A debt restructuring could keep Hartford, Conn., afloat if combined with significant revenue improvement and cost cuts including labor concessions, said Moody’s Investors Service.
“There are multiple revenue-raising and expenditure-cutting tactics available, but all face hurdles,” Moody’s said in a commentary Thursday.
Mayor Luke Bronin has openly talked about bankruptcy as an option. He has projected a fiscal 2018 deficit of $50 million for Connecticut’s capital city and announced last month the hiring of Greenberg Traurig LLP as restructuring counsel.
“Moody’s would view a distressed exchange as a default if Hartford and its creditors agreed on new or restructured debt [or other securities, cash, or assets] if it was a lower value relative to the original promise and if the exchange allowed Hartford to avoid a default,” said Moody’s.
Moody’s and S&P Global Ratings have the city’s bonds at junk-levels B2 and BB, respectively, after recent downgrades.
Hartford’s costs, including debt and pension benefits, have exceeded revenue growth. Deficits, partially due to escalating debt costs from pushed-out restructurings, could spike to $83 million by 2023, Moody’s said in its report about July’s downgrade.
Hartford depends upon the state for about half its revenue while state-owned property is tax-exempt, negating economic activity the city generates as a state capital.
Bronin is seeking an additional $40 million in aid from the state. Connecticut, however, is caught in its own whirlwind of downgrades and has operated without a fiscal 2018 budget the past six weeks.
Democratic Gov. Dannel Malloy and state lawmakers are still at odds over a spending plan, although the legislature last week approved a concession package between Malloy and state employee unions. The deal could save the state nearly $1.6 billion over fiscal 2017 and 2018, according to an actuarial study.
The Senate’s 18-18 split between Democrats and Republicans has sharpened the political divide at the capitol. Democrats hold a narrow 79-72 edge in the House of Representatives.
Regardless of the state budget outcome, Hartford faces a challenge in the fourth quarter. The city owes $3.8 million in September and a $26.9 million payment in October that includes tax anticipation notes.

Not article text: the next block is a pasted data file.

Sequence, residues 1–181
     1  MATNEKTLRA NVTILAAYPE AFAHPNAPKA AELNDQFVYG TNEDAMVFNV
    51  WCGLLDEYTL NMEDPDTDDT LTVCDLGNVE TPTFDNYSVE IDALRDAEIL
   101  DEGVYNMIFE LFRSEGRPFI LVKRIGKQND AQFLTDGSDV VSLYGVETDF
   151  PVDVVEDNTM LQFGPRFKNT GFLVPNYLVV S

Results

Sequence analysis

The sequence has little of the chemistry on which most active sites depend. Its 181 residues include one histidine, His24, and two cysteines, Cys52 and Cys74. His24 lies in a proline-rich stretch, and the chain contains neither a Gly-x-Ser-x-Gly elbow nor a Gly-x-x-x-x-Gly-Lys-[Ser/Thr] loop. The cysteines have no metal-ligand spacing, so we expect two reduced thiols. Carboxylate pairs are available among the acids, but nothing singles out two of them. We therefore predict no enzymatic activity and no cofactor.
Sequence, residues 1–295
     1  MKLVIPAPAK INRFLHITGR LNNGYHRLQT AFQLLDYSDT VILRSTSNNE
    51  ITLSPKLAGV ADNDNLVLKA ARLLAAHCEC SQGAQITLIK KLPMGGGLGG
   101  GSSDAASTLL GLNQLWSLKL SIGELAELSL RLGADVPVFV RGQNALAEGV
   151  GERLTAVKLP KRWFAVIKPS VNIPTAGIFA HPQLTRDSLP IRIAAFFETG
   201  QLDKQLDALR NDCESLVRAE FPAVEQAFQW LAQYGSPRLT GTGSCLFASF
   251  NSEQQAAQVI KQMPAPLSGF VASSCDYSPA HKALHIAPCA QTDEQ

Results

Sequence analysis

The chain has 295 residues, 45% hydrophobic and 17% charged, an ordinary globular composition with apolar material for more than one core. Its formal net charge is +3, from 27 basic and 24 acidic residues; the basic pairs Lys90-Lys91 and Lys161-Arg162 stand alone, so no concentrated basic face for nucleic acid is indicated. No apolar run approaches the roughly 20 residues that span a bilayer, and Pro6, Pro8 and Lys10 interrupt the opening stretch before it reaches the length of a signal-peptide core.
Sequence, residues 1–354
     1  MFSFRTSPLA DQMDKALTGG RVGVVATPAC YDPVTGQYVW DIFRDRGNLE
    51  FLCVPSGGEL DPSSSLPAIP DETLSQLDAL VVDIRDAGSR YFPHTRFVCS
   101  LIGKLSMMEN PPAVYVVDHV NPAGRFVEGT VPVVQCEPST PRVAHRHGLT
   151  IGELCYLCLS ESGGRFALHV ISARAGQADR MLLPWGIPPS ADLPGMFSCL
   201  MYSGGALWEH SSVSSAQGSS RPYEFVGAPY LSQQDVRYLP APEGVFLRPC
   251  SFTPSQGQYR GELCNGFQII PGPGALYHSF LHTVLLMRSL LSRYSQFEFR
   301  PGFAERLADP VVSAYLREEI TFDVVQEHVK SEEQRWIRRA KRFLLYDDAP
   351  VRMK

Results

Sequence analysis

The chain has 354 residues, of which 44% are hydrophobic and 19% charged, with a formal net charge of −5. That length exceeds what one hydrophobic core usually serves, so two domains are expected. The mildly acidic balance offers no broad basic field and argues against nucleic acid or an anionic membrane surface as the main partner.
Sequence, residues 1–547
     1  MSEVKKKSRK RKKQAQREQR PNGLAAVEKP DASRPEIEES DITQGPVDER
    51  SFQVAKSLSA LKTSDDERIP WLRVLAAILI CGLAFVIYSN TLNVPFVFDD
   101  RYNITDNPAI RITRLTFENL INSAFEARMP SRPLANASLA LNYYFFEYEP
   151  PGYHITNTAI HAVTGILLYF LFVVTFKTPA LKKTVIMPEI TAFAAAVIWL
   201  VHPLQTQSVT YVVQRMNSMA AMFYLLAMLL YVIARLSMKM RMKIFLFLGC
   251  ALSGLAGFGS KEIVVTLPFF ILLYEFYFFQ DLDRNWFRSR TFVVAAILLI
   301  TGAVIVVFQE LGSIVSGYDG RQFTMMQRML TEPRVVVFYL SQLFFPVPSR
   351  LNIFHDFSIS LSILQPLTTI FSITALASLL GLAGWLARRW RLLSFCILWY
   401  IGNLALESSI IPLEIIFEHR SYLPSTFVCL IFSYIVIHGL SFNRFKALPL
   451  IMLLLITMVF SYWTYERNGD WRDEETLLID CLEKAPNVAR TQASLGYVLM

According to Moody’s, the city could choose to skip debt payments anytime, though bondholders would probably sue.
Excluding the TANs, annual debt service surges to $57 million in fiscal 2019 from $44 million, said Moody’s. “After a slight dip in 2020, it spikes again the year after before largely evening out for several years.”
A bill before the legislature would establish a fiscal oversight board for Hartford that could sign off on debt restructurings and appoint a financial manager.
Collaboration is necessary to keep the city out of bankruptcy court, according to Malloy.
“We have to do something. They have to do something,” he told a Municipal Forum of New York luncheon gathering in Manhattan last month. “I’d prefer we avoid bankruptcy, but I’m not sure that can be done.”
The only other state capital to file for bankruptcy was Harrisburg, Pa., in 2011. A federal judge there negated the filing, citing a restrictive state law.
At B2, said Moody’s, Hartford is the lowest-rated state capital by far and the only one rated below investment grade. The median rating for state capitals is Aa2, one notch higher than the Aa3 median for all Moody's-rated cities and towns.
“Most of the higher-rated state capitals benefit from diverse economies that extend beyond their government role or do not share Hartford's outsized poverty rate,” said Moody’s.
Connecticut’s largest city, Bridgeport, filed under Chapter 9 in 1991, but a federal judge nullified the action, saying Bridgeport could pay its bills.
On July 25, Moody's downgraded the general obligation rating of the Hartford County Metropolitan District to Aa3 and maintained a negative outlook on the $568 million of GO debt, while affirming the district's revenue debt at Aa2 and revising the outlook on the $216.8 million of revenue debt to stable from negative.
The "material decline" of Hartford, one of eight member municipalities, weighed on the GO rating.
Recent state legislation, said Moody’s, has countered the Metropolitan District’s exposure to Hartford’s struggles. The district, a nonprofit municipal corporation, provides potable water and sewerage services to Hartford and several suburbs.
“Hartford's problems weigh on the utility's credit profile, but MDC has multiple options to counter failure by the city to pay quarterly dues,” said Moody’s.
Moody’s also called the budget impasse a credit negative for cities statewide. “Some small state-aid grants are not flowing to local governments,” it said.
Connecticut – after lawmakers rejected a proposed Malloy mini-budget -- is operating under an executive order from Malloy that reduces state aid for local governments by about 25% from appropriated fiscal 2017 levels.
The state has not distributed certain small-scale grants and other types of funding that it provided in prior years to local governments, including at least $30 million in road grants.
Some communities have taken proactive steps. For instance, Torrington, in northwest Connecticut, has delayed its school opening by three days to cut costs.
“Options include spending freezes, deferring capital spending, leaving vacancies unfilled or tapping reserves,” said Moody’s.